Remote but not isolated: there are pros and cons when working from home
Working from home can be ideal but meeting your team in person is ‘extremely beneficial’
Some of us may experience a sense of isolation and exclusion from our workplace and colleagues while working remotely. Photograph: iStock
When movie mogul Sam Goldwyn uttered the immortal line “include me out” he could have been referring to the plight of reluctant home workers. The rapid switch to remote working in recent months has brought many benefits but it hasn’t been without its drawbacks. Many workers, while appreciating the absence of the daily commute, complain about a sense of isolation and exclusion from their workplace and colleagues.
With remote working set to become a permanent feature in many workplaces overcoming those feelings will be a priority for employers in the future.
“Back in April we did a global Covid client survey,” says Sarah McDonough, talent and reward country lead at Willis Towers Watson in Ireland. “Employers had moved very quickly to get people up and running for working at home with laptops, chairs, equipment, connectivity and so on. Lots of organisations had over 75 per cent of their people working remotely. In the general scheme of things they had done incredibly well.”
But things changed over time. “We could see from the data as the months went on that some things were starting to bubble up. By August, employees were starting to talk about the distractions encountered while working at home. Reports of financial worries and heightened anxiety levels also increased. It has become more challenging for employees to retain engagement as a result.”
“The more time staff spend remote, the harder it becomes for senior staff to train, mentor and support junior staff,” notes Rachael Kelly, marketing manager with flexible workplace provider Glandore. “A strong office culture will engage your team and encourage them to increase productivity which lends itself to a sense of fulfilment. Office culture can be kept alive online by taking time to understand your employees’ feelings and by being approachable at any time.”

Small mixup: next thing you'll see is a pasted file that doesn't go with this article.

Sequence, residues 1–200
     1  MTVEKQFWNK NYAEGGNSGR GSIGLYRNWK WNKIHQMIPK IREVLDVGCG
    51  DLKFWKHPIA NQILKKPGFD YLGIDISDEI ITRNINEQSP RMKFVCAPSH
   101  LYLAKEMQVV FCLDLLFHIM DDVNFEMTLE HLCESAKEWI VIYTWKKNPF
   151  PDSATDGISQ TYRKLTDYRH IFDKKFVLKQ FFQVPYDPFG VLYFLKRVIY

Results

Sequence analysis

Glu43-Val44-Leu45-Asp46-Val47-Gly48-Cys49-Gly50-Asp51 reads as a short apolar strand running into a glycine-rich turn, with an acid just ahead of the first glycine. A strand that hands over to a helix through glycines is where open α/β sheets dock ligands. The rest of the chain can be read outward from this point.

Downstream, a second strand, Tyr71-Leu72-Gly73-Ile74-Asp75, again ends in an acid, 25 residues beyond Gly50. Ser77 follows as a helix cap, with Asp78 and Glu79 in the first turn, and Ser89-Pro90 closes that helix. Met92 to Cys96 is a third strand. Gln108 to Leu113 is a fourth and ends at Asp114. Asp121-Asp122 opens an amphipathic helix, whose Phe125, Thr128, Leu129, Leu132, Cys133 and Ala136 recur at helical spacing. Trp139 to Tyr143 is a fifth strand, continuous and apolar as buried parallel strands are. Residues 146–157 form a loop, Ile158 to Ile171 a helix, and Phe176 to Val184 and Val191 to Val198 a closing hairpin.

We need to think creatively about what social engagement might look like. You can have virtual breakfasts, you might have a virtual coffee to check chat about non-work stuff
Employee engagement is critically important, she adds. “In the current climate, this can feel challenging to sustain, as remote working has become a requirement as opposed to a choice. If possible, we encourage employers to gather small groups of employees in a safe environment when and where possible, even if it is once a month in a protected space. While working from home can be ideal in some situations, meeting with your team in person is extremely beneficial for sharing ideas and maintaining a balanced workflow.”
According to Sarah McDonough, the key to engagement is ensuring employees feel energised. This combines physical, mental, social and financial wellbeing.
“We take a holistic view of wellbeing,” she says. “It starts with physical wellbeing. Different organisations have different tools and supports for that. They should provide opportunities for online classes or encourage people to get out for a walk. Work is not just about the hours spent sitting at a desk. What can you do to incorporate physical wellbeing? You can have walking meetings, for example, where people take a walk while phoning in to the meeting. It’s about being creative about the management of physical wellbeing.”
Mental wellbeing is also high on the list. “In Ireland we often start every communication with ‘how are you?’ We should change that to ‘how are you feeling?’ That completely changes the dialogue. People should check in with each other. It’s really important to get people talking to their friends, colleagues, and family and keep an eye out for each other.”
And then there is social wellbeing. “We’ve probably all gone through Zoom fatigue with the online quizzes and so on,” she says. “We need to think creatively about what social engagement might look like. You can have virtual breakfasts, you might have a virtual coffee to check in and chat about non-work stuff. Financial wellbeing is very important as well. Anxiety levels are creeping up and employers should encourage people to talk about what is worrying them and put the resources in place to help them.”
Kelly also emphasises the importance of social wellbeing. “From developing your business connections online, to just having a quick online coffee with someone – keeping motivated and connected is one way to control feelings of isolation. Make sure that you are doing everything you would have ordinarily done in the office, such as taking a lunch break and getting away from the desk every hour.”